In this article, CFSG discuss one of the most common start-up pitfalls - developing a business in a vacuum. We look at what it means, how it happens and how it can be avoided.
One thing is certain, there is no shortage of creative start-ups.
In our capacity as an investment bank we meet a diverse range of entrepreneurs every single week of the year. All bright people with some really intriguing and interesting business concepts. So the inevitable question.
With so many great business ideas why do only a handful of start-ups manage to raise capital?
There is no single answer. However, in our experience many of those that fail have a tendency to approach their start-up backwards. They may not realise it but they have been busy trying to fit a problem to a solution rather than the other way around. These businesses then face the uphill battle of trying to sell a ‘nice to have’ to their target audience / investors rather than a ‘must have’ solution.
We see it all the time. A start-up invests a lot of time, effort and money on an idea that they have unknowingly developed in a vacuum. They build a solution that they think a particular target audience needs, but they don’t really know.
It usually goes like this:
- Founder has a brilliant business idea.
- Founder researches their chosen target market / industry – e.g. opportunity size, barriers to entry, pricing, distribution channels, competitors etc.
- Founder builds a prototype (and hopefully tries to build some proof of concept).
- Founder tries to raise capital.
The process does indeed make sense, but it is step 2 where problems can occur.
Most start-ups are quick to research their target market/industry on the back of their brilliant idea. Don’t get us wrong. It is great to have enthusiasm and get excited. However, the problem comes when they try and make the research “work for them”.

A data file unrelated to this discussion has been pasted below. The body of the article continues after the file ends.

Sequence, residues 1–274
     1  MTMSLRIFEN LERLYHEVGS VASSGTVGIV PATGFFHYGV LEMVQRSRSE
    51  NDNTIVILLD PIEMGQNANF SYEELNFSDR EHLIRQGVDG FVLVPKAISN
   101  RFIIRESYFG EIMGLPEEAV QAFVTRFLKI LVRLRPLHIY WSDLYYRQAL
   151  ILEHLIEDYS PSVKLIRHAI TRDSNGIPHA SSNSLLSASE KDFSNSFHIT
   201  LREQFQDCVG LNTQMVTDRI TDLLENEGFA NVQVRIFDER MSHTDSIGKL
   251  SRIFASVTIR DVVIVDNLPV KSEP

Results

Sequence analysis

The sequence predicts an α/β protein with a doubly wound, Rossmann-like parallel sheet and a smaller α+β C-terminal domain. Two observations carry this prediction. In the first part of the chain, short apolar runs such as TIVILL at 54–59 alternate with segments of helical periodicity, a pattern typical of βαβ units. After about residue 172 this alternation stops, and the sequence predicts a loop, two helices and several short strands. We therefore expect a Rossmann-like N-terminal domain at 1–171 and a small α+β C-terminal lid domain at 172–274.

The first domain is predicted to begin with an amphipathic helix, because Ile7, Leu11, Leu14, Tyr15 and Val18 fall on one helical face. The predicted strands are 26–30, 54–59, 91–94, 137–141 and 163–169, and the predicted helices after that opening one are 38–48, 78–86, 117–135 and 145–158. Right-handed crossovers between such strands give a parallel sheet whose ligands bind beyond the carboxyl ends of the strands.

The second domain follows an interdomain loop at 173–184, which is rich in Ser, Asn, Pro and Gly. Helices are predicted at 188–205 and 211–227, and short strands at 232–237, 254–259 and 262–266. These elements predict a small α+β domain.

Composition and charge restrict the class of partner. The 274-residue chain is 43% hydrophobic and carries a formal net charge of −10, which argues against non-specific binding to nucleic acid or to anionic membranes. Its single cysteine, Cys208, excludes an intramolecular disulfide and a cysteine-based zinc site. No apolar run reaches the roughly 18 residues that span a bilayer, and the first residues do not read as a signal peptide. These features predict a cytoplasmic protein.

It is emotional
Start-ups can become so fully invested in their business idea that they convince themselves that a genuine need exists even when there may barely be a ‘nice to have’. They make assumptions about an industry. They think that they are solving a big problem for their target audience.
Consider pharmaceuticals. Drug companies don’t just produce drugs. OK, sometimes they stumble across a winner or find other application. But usually they identified an existing medical condition and then work towards a treatment.
As such, too many start-ups are developing cures for ailments that either do not exist or are too insignificant.
Write what you know
There is an old saying for budding authors to ‘write what you know’. The idea being that you should draw on firsthand experience to really craft something special. The same can be said for entrepreneurs.
Now before I get taken to task, I concede that this is by no means gospel. A great idea will always be a great idea.
However, there is something to be said for having worked in an industry, or having firsthand experience with a particular target market. It means that you have a kind of inside knowledge and understand the mechanics that outsiders either don’t see or don’t fully appreciate.
Again, it is great to have ideas and to think outside the square. But it certainly helps to approach your solution (i.e. start-up idea) with some level of intimate insight and experience.
Ultimately, entrepreneurs should not be so head over heels in love with their start-up idea that they make their research work for them. Think about it. Fitting a problem to a solution is counter intuitive to real problem solving. It is like trying to exit your garage in reverse.